My wine has stopped fermenting after only a few days, HELP?!

Question: My wine has stopped fermenting after only a few days, HELP?
I am making my first wine which is not from a kit. I have been following a recipe but seem to be having problems.

I began putting my mushed up cooking apples along with yeast, yeast nutrient and Pectolase in a fermentation bucket with an airlock fitted to the lid. This started fermenting vigourously but then stopped after 3 days. In the hope of getting it to start up again I added the sugar, some citric acid and some more yeast and nutrient. This got it fermenting like crazy for another 4 days before stopping again, which just happens to be the day it's due for it's first racking. I proceeded to strain the wine through muslin, as instructed, and put it into a demijohn. I used an airlock on it and hoped it would show some signs of life... but nothing. So I hastily added more sugar, citric acid and yeast (like before), stirred it like crazy and still nothing.
I now believe I have added too much sugar (the sugar sediment at the bottom of the jar is a bit of a giveaway) and I am completely at a loss as to why the fermentation process keeps stopping and what I can do to salvage this wine (if anything).

A couple of people have suggested that I have used up all the glycol and this is the reason fermentation has stopped. I have not seen anything about glycol in my books and if this is the reason for problem I am experiencing how did it happen, how do I stop it from happening in future and can my current batch be salvaged (and how)?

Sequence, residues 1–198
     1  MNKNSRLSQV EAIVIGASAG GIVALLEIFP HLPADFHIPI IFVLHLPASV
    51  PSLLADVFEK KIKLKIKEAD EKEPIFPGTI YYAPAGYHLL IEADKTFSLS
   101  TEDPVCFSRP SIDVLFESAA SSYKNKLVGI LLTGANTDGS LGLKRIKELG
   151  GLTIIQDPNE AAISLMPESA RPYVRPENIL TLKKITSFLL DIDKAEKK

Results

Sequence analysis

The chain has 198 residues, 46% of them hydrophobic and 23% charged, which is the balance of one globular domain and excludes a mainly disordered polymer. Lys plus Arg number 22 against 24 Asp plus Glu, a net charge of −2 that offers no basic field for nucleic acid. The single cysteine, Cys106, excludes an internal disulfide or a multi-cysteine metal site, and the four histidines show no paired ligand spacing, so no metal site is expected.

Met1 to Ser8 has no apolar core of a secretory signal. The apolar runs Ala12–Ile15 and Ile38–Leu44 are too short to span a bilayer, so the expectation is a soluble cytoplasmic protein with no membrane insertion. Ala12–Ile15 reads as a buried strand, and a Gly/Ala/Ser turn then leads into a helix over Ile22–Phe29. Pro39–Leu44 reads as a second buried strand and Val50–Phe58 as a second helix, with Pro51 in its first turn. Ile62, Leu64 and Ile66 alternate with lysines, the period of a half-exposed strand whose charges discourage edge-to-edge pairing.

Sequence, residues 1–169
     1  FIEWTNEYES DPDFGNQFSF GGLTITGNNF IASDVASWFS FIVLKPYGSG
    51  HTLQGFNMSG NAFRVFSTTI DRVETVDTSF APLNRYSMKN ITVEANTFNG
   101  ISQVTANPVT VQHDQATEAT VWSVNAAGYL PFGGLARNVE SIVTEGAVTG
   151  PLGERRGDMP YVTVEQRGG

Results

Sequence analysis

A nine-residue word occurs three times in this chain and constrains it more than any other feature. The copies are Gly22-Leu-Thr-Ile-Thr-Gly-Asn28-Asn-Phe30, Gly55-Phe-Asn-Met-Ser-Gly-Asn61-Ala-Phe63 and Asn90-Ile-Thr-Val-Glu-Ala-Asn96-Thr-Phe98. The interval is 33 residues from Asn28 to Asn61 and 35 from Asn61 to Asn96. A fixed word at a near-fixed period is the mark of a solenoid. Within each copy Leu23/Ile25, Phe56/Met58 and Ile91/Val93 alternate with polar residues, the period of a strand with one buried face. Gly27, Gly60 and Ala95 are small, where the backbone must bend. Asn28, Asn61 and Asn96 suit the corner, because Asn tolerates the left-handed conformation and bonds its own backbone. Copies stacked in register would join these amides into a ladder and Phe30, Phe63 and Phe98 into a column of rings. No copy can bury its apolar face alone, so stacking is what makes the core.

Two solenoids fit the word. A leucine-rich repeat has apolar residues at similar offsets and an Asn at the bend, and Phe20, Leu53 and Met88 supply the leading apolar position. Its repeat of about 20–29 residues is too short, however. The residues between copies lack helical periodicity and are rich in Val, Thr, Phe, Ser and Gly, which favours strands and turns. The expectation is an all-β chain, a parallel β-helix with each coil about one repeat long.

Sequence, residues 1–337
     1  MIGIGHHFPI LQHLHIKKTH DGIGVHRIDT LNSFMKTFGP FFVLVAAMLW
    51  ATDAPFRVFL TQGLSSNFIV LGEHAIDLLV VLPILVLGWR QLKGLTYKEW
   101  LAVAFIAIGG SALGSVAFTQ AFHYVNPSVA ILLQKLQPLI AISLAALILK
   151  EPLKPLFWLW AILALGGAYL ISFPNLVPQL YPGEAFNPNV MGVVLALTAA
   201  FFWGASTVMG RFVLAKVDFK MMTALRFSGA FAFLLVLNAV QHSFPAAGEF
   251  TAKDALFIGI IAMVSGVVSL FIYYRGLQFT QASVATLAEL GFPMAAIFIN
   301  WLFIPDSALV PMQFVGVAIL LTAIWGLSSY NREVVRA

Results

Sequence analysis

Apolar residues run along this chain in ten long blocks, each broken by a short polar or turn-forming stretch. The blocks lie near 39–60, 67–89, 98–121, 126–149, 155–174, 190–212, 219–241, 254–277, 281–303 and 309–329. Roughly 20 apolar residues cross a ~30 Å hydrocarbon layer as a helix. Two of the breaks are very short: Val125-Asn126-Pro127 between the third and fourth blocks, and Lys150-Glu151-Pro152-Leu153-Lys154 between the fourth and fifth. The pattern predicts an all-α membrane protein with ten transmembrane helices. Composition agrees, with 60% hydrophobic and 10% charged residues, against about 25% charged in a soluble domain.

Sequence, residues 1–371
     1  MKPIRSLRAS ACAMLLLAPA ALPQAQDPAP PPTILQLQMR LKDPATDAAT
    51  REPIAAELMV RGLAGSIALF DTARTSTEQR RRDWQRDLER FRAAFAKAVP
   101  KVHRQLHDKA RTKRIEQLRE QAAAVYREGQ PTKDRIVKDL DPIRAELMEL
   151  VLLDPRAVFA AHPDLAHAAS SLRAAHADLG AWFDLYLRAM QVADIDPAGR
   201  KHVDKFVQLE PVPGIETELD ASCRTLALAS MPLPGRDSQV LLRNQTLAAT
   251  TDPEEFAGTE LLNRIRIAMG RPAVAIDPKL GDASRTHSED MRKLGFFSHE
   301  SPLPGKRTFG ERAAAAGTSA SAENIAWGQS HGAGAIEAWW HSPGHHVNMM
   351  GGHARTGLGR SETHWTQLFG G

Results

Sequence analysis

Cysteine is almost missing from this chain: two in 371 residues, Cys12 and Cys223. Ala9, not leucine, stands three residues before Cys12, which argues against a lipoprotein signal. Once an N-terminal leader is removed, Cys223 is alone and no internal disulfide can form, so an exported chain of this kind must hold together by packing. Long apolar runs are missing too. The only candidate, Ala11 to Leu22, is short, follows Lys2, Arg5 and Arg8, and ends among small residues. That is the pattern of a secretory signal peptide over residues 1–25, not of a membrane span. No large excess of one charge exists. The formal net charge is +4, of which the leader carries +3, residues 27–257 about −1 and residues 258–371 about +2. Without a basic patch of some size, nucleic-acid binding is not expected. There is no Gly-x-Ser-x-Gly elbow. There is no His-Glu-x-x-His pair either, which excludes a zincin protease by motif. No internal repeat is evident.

Any help is much appreciated.


All fermentation goes through TWO stages. The first is a vigorous, frothy one - this is where the oxygen in the liquid (the must) is being used. Technically it is an aerobic fermentation.
Once the oxygen is all used up the yeast goes into a sloooooow steady fermentation - this is the second phase. Its called an anaerobic fermentation. You can look these terms up for more details if you like.

The first results in lots of yeast but virtually no alcohol, just lots of CO2 (hence the froth). The second is where all alcohol comes from.

Don't keep adding sugar and other stuff because otherwise you will increase the osmotic pressure too much and the yeast will go into hibernation as it were.

The best thing you can do now is to leave it to its own devices and get on making alcohol!

Good luck!!

Are you keeping it in a warm place, like an airing cupboard. It needs the warmth to ferment. Although if it is too hot, that isn't good for it. Probably go much too fast.


Mm... I found this for you.

LMFAO i thought that said wife not wine

If I'm interpreting "mushed up apples" correctly, it might be your problem.

You should be fermenting the pressed juice from the apples, not the apples themselves. If they are not pressed, much of the sugar will remain in the fruit, making it harder for the yeast to act. It seems the yeast is using up what little sugar it can get to, and then re-activating when you add more sugar.

Maybe it's restarted now because the apple solids are dissolving, and the yeast can now get at them.

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